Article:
Could suburban, women voters in Pennsylvania define this year’s election? That’s what some political experts are saying.
This election has been a struggle, to say the least.
Debbie Beutler of Mechanicsburg lets out a long groan and says, “You know what? I will vote for Donald Trump.”
Women like Beutler, a loyal Republican, are in the middle of it all.
“I know amongst the ladies that I’m friends with, it’s what we talk about, and everybody has different opinions about things,” she said.
That’s because middle-aged, white women typically are swing voters.
Elizabeth Nichol of Carlisle is a perfect example. She registered as a Democrat this year but says, “I actually ended up voting for George Bush the first time.”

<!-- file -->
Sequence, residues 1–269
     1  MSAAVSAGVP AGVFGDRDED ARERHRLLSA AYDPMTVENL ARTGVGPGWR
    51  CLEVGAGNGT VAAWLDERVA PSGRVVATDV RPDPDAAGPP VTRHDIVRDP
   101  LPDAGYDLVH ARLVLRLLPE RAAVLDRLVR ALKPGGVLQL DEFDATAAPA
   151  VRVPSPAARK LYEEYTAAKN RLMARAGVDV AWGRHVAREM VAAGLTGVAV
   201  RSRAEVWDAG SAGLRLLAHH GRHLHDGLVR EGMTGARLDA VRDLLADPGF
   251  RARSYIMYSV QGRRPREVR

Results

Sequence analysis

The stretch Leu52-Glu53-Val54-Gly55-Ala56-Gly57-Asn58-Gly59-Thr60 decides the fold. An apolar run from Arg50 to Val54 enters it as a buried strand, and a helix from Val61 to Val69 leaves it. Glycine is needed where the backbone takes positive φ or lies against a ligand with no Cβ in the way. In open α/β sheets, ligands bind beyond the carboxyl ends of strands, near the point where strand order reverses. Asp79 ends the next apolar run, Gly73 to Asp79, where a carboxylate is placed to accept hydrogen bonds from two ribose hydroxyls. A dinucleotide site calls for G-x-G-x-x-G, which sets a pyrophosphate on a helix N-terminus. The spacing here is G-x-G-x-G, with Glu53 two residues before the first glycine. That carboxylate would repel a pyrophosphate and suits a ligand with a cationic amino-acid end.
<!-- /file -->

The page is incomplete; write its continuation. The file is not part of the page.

This year, experts say swing voters could be especially important, even election-defining in Pennsylvania.
“The gender thing tends to make them more liberal, more democratic in their voting, but being married and not in the 18-25 demographic also means that they might have slightly more conservative voting preferences,” said Kathleen Marchetti, a political science professor at Dickinson College.
That puts the focus on Pennsylvania’s suburban areas since big cities like Philadelphia and Pittsburgh generally lean left. But this year, polls show those typically-Republic women are leaning left, too.
“Comments about gender and women have been an issue for Trump, kind of from the beginning of this campaign,” Marchetti said.
A recent study by the Public Religion Research Institute shows white women voters without a college education are evenly split when they have historically voted Republican.
We asked if that means our swing state, swing-voting women could choose our next president.
“They could, absolutely they could,” Marchetti replied.
Experts say we should expect to see both candidates back in Pennsylvania during the last push of this election season, probably reaching out to white, suburban women.